Address Team Conflict Early Before it Erupts into Something Bigger
We all know that when there is team conflict brewing, it’s only a matter of time before it erupts into something bigger.
It’s like families refusing to talk about the tough stuff, and then one day Uncle Joe is throwing the Thanksgiving turkey off the balcony.
Here’s the good news. You don’t need to be the manager to address team conflict (although these techniques will work great for you too!). In this week’s Asking For a Friend, I share some really practical advice on bringing your team together and having much-needed conversations.
3 Ways to Surface and Heal Team Conflict (Even if You’re Not the Manager)
Here are a few things you can do to surface (and address) the conflict before it does too much destruction.
0:58 1. Talk one-on-one with team members about what you can do to help.
Start humbly. “I really care about this team, our work, and our collective success. I’d like to get some feedback about what I can be doing to better support this team. And, I’d love your thoughts on how we can work more effectively together.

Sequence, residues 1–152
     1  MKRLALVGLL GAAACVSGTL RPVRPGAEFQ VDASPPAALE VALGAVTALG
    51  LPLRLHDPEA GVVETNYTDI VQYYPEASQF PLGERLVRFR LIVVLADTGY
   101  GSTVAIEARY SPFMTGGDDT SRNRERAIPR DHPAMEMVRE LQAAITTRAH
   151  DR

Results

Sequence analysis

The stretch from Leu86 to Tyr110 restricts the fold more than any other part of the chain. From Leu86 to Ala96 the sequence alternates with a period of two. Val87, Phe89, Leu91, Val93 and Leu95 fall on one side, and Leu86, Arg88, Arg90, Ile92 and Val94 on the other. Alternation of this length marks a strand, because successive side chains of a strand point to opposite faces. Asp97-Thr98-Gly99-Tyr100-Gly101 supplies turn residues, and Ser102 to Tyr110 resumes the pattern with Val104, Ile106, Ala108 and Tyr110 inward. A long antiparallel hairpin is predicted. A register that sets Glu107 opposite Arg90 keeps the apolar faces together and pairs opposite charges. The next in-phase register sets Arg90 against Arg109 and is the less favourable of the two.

By starting with your own behaviors, you’re more likely to create a psychologically safe environment where others will open up and share their true feelings.
Once you have everyone’s input, you can begin to collect the themes to share with your manager (and the team), as a starting point for a “How can we?” make this better conversation.
1:30 2. Have your team think about their best experiences working on a team
Ask your team to reflect on the best team they ever worked on, and why it worked so well. Watch as everyone lightens up and smiles as they share their stories and how it made them feel.
Next, have the team identify the common themes from those stories. What were the characteristics and habits of those high-performing teams, and most importantly, how did they behave?
1:57 3. Ask your team what needs to happen to reach closer to that ideal (get practical.)
Next comes the practical conversation. “How do we do more of that?”
You don’t need a long list. The themes will lead you to the obvious place to start. Work to establish one or two commitments and build from there.
What would you add? How do address conflict on your team (even if you’re not the manager)?